As I’m writing this post, my eyes are drawn to what’s going on outside the window beside me.
The trees are swaying back and forth in the harsh and relentless wind. The individual leaves on the tree branches are fluttering on their stems, like an emerald kaleidoscope. Bits of dust and the occasional piece of garbage wheels through the sky and disappears past the window frame.
It’s striking to realize just how much of our human experience, for most of us, is informed by what we see.
We’re such visual creatures that we take what we see for granted most of the time. The world is just whatever’s in front of our eyes.
I find it interesting to think about how our own personal tastes and preferences are so closely linked to what we see. We have such strong, immediate feelings about what our eyes take in.
For instance, I was on a walk earlier this morning and saw a few houses that appeared to be composed entirely of red bricks. Just bricks, some windows, and a wooden door. It seemed so boring and bleak to me. My immediate reaction to seeing that dull house was, “Nah, I don’t like that one bit.”
Later during that walk, I spotted another house that was more pleasing to my eye. It was mostly dark stucco, but with a contrast of formidable rocks of different shapes and colors. The contrast between the two materials on one house piqued my interest. I thought, “That’s more like it.”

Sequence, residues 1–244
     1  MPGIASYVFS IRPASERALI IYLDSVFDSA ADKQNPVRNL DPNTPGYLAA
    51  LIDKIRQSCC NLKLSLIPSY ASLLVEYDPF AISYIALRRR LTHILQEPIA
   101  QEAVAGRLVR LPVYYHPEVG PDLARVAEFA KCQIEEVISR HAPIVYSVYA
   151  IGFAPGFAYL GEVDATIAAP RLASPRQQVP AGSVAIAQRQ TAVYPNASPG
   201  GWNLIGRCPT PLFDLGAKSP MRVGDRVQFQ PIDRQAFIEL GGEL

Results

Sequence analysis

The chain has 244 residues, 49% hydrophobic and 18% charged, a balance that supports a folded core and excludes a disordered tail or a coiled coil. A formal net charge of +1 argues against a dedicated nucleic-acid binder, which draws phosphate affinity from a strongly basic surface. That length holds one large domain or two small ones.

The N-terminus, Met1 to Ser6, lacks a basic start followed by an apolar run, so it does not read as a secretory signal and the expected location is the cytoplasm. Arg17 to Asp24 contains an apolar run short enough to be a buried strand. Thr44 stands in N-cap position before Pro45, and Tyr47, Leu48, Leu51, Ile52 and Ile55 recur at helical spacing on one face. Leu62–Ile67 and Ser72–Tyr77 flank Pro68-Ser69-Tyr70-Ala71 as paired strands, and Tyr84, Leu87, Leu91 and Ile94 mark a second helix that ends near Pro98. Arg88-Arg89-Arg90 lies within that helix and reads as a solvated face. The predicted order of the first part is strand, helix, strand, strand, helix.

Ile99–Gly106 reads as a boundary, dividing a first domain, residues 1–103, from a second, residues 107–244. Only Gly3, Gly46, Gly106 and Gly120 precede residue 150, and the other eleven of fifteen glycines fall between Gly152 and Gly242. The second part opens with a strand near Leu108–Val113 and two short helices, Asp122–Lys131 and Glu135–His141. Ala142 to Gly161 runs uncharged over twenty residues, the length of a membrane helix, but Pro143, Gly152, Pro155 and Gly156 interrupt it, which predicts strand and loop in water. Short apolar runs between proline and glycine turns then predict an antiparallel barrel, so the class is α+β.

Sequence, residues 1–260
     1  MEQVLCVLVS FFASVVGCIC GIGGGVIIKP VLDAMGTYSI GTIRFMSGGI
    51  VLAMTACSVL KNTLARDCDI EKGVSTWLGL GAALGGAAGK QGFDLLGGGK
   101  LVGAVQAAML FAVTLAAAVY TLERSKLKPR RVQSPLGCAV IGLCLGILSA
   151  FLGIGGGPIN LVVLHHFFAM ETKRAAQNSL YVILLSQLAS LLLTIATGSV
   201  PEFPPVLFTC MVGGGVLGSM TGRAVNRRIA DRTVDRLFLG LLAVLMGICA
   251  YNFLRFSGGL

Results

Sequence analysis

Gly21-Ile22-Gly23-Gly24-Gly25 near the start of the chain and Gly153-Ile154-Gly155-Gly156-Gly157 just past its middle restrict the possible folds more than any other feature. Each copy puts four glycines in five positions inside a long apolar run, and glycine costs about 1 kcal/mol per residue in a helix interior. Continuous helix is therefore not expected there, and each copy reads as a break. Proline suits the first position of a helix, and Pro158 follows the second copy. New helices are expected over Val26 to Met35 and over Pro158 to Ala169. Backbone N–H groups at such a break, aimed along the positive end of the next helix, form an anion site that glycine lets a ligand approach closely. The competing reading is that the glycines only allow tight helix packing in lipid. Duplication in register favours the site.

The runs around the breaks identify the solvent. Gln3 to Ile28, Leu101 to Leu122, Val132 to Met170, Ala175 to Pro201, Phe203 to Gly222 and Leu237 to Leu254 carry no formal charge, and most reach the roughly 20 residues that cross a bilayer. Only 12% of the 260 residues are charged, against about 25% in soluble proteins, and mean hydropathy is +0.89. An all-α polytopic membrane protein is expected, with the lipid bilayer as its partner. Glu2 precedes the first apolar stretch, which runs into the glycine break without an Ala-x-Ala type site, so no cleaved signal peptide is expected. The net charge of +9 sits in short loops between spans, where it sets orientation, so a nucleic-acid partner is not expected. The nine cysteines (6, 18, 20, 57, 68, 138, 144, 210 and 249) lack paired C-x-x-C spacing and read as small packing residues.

What we see helps inform what we like and what we like depends on the appearance of what we see.
With this understanding, you can use your personal tastes and those of your clients to create something called a “mood board,” which sets a roadmap for where you want your visual style to end up.
What is a mood board?
A mood board is an arrangement of images, materials, pieces of text, etc. intended to evoke or project a particular style or concept.
Put more simply, a mood board is a collection of images that shows a style. Let me give you an example of a mood board I created for a recent client:
Do you get an immediate sense of what sort of style the client was going for?
It’s clear they were aiming for a look that included varying shades of purple in the final product. That color was used extensively in past work they’ve done, so it was important that I keep their preferred color scheme consistent.
The client was impressed with the minimalist aesthetic that’s become a hallmark of both companies. To paraphrase him: “They get the point across without being overly flashy.” I sought out images that were striking without having to yell at you for attention.
None of the images in that mood board literally say, “I’m minimal and demand your complete focus.” Like all good art, it’s the emotion the images impart that makes them powerful. They follow the rule of “show, don’t tell.”
Creating a mood board
How do you go about creating one of these things? Well, that’s a piece of cake; they just take a little time to complete.
I’m a big supporter of Pinterest for a job like this one. A Google image search will also get the job done, if that’s your preference. The aim with this first step is to gather as many images as you can that have a certain “feel” to them.